Set the Date #EndDirectProvision

Ireland’s Direct Provision system is an ongoing human rights scandal, trapping asylum seekers in limbo for years and violating their human rights. It is a fundamentally flawed system. No amount of reforms or improvements will ever make it acceptable. After 20 years of cruelty, it is well past time for the Government to finally end Direct Provision.

 

What Needs to Happen? ‘Set the Date’ to End Direct Provision

We are at a critical moment. In 2020, the Government committed to finally end Direct Provision and replace it with accommodation that has the protection and promotion of human rights at its core. While these commitments are welcome, it is in their implementation that we will see actual change.

In October 2020, the Government published the Report of the Advisory Group on Direct Provision. This report provided a comprehensive and detailed set of recommendations towards ending Direct Provision by 2023.

The Government is currently working on its plans to end Direct Provision. In mid-February 2021, the Government is expected to publish its ‘White Paper’ setting out what it proposes to do. This will be the test of its commitments. Direct Provision has continued through 20 years of successive governments, so this cannot be another false dawn that dashes people’s hopes.

So, we’re calling on the Government to accept the Advisory Group’s recommendations and finally ‘Set the Date’ to end Direct Provision. This will need a whole of Government approach. There needs to be a detailed implementation plan with a concrete timeframe and ironclad commitments that will outlast any shifts in the political landscape. And the alternative must respect and protect people’s human rights.

What is Direct Provision?

Direct Provision was established in 2000 and is Ireland’s system of state provided accommodation and other basic necessities to people seeking international protection. DP centres are mainly hostels, hotels and other accommodation owned and run by private companies for profit, paid for by the Government.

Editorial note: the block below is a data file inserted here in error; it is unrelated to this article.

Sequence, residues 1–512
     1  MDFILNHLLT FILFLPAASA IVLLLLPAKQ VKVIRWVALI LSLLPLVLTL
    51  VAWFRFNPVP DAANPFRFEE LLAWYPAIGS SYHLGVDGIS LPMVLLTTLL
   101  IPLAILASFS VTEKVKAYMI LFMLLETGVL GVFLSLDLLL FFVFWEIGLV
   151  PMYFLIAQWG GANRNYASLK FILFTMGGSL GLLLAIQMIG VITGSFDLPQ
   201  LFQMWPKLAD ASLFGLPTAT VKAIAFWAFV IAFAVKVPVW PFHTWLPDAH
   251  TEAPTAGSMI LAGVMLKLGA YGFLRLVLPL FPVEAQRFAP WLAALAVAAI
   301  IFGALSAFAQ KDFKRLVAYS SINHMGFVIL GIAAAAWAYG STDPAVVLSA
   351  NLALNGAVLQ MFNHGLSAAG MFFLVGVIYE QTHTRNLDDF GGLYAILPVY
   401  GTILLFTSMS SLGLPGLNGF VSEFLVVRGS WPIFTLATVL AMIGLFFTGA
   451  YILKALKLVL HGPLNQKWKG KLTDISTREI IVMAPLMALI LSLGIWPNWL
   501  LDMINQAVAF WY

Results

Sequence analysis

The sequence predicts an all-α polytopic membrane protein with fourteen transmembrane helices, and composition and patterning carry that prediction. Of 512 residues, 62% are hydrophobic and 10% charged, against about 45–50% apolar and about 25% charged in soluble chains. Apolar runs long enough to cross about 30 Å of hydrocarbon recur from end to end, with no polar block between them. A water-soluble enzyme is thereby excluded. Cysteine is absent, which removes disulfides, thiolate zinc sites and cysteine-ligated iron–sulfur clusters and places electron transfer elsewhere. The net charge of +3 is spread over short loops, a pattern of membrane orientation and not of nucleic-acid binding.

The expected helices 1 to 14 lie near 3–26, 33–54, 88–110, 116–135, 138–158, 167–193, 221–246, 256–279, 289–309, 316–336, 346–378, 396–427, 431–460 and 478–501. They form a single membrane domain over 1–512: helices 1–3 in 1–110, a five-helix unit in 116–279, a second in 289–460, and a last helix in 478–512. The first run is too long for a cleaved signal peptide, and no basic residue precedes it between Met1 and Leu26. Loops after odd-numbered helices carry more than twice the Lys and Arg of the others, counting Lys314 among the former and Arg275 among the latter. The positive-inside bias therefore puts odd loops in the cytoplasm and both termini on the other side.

DP was designed as a short-term emergency measure. Instead it has lasted more than 20 years. People were meant to spend no longer than six months while their asylum application was processed. Instead, they are trapped in limbo, often for years. Many are in overcrowded conditions, sharing bedrooms and bathrooms with strangers, lacking dignity and privacy.

The living conditions, institutionalised regime and lack of appropriate support services are unacceptable for anyone, especially for such long periods of time. It is particularly harsh for families, children, people who have experienced trauma, sexual violence or torture, and other vulnerable people.

DP centres are often in isolated locations far from local communities. The isolation and hopelessness can damage physical and mental health and hinders people’s ability to restart their lives once recognised as refugees. For torture survivors, it can severely compromise their rehabilitation.

Direct Provision and COVID-19

The COVID-19 pandemic has shown in a truly brutal way just how inhumane Direct Provision is, and why the system urgently needs to end.

People in DP have faced this crisis in settings which make ensuring their health and wellbeing all the more difficult. The institutionalised regime and congregated settings have meant they have faced additional barriers to being able to adequately protect themselves, including taking the key preventive measures advised by the Government.

Social distancing is simply not possible when strangers share bedrooms, bathrooms and living spaces.

Rapid spread and increased risk of infection within crowded centres remain of major concern until the pandemic has ended. Urgent and effective measures are needed right now to protect the lives and well-being of those in the Direct Provision and emergency accommodation system.